Diana Butler Bass: If you go out and survey the sociological literature, there is sort of a dominant theme that emerges—the shift away from communal and traditional authority, be they pastors, politicians, university professors, or school teachers. This is changing to locating authority for all kinds of decisions in the life of the individual. If you had a religious or moral question in the 1950s, you could ask the schoolteacher, the pastor, the rabbi, the mayor of the town, the person who was the head of the Rotary Club or your parents, and you would get from all those different roles probably a very similar answer. There was no sort of conflict between those groups. So that was a univocal culture that spoke with one voice. Now when you shift over into a culture of individual autonomy, you do not have that. You have a multi-vocal culture, and you have all these different sources of authority making competing claims of truth. So, what has to happen then is that the individual has to choose which one of these things that they're going to believe in and practice in their own life to find meaning and sense of the universe in order to live a life that's worthwhile.
These are part of global changes, global shifts. Nobody is responsible for it at one level, and it seems to be just sort of unstoppable. It's just the way that it is. When you get to that point, when you say, "Okay, these changes have happened," you then have to decide what your response to them is going to be. You can say that they're evil, you can ignore them, or you can say, "This is just a culture like any other culture in which God's people have lived, and our job now is to be faithful in this changing circumstance." Once a church community gets to that point, then it opens the possibility for them to do some really serious imaginative work in reworking Christian tradition and to change context—which is what Christians have been doing since before the time of Constantine. It's really exciting work at many levels because it's sort of the deepest kind of connective work to the heart of the tradition—that tradition and culture always change. The vocation of God's people: to figure out how the gospel makes sense in each one of these successive ways that we've lived in for the past two thousand years.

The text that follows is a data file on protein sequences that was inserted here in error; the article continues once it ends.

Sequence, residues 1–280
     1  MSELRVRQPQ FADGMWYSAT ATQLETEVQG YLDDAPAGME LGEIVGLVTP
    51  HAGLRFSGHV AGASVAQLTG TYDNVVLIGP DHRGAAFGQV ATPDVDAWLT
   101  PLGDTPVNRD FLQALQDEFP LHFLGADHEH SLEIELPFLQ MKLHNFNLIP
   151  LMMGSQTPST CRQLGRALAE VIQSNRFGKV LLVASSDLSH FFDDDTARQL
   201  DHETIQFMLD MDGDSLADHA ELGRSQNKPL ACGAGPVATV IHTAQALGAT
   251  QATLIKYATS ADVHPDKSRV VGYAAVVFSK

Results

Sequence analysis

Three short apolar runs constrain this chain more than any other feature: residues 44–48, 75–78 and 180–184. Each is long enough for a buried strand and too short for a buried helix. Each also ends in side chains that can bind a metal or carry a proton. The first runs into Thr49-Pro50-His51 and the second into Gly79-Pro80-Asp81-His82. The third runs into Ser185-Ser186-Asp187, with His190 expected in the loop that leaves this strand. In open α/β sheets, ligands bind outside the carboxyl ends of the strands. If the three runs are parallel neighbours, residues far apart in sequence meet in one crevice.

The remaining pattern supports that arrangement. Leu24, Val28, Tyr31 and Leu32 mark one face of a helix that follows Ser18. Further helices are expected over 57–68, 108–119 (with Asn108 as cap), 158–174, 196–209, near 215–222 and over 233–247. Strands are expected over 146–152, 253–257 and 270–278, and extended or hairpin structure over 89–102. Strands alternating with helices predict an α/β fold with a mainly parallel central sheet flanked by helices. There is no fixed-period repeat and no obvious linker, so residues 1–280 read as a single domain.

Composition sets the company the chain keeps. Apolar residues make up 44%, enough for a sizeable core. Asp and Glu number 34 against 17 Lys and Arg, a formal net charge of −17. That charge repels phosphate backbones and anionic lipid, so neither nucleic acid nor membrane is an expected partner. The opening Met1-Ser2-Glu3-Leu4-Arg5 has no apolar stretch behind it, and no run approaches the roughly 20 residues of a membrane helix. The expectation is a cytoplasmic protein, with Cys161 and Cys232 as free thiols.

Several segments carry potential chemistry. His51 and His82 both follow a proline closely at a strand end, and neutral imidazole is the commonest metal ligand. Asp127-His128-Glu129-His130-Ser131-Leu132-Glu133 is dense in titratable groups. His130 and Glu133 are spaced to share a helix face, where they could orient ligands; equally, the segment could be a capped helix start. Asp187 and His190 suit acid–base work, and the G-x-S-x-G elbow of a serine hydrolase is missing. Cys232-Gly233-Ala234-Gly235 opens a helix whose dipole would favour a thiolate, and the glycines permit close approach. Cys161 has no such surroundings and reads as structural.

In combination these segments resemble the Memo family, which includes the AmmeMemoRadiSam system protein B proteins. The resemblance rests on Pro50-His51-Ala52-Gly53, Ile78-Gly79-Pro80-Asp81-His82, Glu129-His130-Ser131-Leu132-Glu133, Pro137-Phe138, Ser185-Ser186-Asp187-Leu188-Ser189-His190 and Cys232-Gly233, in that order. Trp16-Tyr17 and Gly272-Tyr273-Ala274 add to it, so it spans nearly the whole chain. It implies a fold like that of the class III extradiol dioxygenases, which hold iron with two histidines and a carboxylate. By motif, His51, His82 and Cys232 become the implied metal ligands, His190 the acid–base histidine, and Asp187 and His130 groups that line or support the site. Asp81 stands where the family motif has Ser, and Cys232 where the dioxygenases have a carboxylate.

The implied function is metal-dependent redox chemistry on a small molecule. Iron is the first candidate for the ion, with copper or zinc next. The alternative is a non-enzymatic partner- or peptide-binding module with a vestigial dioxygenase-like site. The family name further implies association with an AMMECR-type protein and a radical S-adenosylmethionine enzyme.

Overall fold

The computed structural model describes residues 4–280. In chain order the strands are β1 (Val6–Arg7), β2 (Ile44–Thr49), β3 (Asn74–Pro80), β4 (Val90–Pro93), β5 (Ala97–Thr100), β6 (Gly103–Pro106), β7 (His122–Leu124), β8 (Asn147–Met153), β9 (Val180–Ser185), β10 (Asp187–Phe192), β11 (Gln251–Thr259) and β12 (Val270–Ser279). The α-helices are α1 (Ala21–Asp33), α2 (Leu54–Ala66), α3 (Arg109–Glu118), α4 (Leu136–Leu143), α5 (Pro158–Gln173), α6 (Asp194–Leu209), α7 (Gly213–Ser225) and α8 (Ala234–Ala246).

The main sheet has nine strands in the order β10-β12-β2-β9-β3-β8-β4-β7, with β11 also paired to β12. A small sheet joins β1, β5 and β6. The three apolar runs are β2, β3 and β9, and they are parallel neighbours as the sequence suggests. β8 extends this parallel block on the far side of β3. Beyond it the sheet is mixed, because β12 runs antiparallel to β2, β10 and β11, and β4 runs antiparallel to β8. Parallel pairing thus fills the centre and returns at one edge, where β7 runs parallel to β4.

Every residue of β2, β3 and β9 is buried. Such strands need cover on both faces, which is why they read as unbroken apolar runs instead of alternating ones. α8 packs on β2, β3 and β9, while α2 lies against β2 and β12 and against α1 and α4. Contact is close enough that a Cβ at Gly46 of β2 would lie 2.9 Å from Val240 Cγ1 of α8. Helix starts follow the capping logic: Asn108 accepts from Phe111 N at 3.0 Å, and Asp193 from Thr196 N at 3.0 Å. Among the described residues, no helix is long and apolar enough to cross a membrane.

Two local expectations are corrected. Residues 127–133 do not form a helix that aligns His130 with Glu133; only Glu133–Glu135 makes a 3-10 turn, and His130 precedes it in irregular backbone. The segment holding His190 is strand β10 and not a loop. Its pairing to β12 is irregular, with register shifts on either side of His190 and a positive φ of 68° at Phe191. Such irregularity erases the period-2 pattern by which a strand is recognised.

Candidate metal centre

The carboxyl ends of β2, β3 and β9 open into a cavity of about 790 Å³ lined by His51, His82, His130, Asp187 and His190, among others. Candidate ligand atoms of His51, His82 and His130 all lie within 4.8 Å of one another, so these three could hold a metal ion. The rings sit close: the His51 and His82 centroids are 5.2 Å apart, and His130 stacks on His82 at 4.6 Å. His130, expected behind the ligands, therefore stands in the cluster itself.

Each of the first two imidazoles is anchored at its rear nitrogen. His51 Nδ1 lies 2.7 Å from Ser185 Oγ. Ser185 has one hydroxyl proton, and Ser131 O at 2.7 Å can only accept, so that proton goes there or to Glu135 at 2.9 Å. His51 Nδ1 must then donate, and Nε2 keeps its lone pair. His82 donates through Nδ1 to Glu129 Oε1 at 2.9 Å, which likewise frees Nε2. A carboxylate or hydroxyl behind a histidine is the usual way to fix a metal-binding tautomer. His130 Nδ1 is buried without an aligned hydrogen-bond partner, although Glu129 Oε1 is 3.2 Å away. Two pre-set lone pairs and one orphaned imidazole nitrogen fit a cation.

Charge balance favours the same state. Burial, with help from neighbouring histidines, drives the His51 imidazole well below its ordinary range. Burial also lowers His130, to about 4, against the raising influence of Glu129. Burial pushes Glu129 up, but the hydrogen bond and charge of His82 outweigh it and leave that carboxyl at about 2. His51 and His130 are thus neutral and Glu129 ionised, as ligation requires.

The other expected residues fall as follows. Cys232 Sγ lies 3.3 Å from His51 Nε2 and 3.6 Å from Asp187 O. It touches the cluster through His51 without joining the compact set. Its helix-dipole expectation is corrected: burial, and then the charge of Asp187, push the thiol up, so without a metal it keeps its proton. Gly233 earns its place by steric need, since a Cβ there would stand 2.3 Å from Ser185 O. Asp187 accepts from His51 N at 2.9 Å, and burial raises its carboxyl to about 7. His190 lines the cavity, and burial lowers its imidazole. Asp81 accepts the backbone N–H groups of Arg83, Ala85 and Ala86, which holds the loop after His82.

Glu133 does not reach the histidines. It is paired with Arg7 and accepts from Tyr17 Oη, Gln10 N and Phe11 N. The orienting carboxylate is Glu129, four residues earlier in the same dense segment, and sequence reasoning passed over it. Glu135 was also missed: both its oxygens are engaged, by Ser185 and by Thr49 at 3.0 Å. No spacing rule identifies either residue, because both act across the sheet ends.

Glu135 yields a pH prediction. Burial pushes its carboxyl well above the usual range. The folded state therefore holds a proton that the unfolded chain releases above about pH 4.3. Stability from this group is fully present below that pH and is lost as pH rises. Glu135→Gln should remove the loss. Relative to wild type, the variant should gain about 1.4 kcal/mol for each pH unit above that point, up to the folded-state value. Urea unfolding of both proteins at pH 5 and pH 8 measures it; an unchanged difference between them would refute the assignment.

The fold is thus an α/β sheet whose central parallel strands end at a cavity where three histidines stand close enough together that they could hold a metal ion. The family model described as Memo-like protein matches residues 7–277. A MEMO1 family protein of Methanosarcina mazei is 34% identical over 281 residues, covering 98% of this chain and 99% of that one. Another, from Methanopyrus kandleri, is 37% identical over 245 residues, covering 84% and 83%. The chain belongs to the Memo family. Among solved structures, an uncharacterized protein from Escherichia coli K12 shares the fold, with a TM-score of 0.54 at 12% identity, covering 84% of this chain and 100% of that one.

It's getting harder and harder to judge what a church is like by looking at the building.
Diana Butler Bass: That's really an astonishing thing. Some of our churches look pretty traditional on the outside, but as soon as you get in, and you're there for ten minutes, you realize something completely different is going on. One of the churches in my study is a congregation in New Haven, Connecticut. You couldn't get people who were more of a stereotype of the New England Yale liberals than the people in this congregation. But they've adopted this practice of testimony. The people get up and talk about how much God has changed their lives. The pastor said that she's actually sat in front sometimes and seen newcomers just look on in shock as these privileged New Englanders get up in the pulpit. They start weeping about the way Jesus has changed them, and the newcomers actually head for the doors because they're looking for some sort of really staid, traditional New England church. As soon as you're inside the door, and you start seeing these practices displayed, there is a kind of effusive spirituality and a warmth that's very different.
God's Politics: Not Red, Not Blue ... Purple Churches
From the God's Politics blog (http://www.dianabutlerbass.com/blog/not-red- not-blue...purple-churches.html), November 2, 2006
Diana Butler Bass: For the last three years, I directed a grassroots research project on vital mainline Protestant congregations that involved "on the ground"—or perhaps "in the pews"—surveys, interviews, and field observations. In the fall of 2004, immediately before the last presidential election, I was at Church of the Redeemer, an Episcopal church in Cincinnati, Ohio. There, amid Ohio's fractious political environment, one woman remarked, "We're not really red, and we're not really blue. We're sort of purple."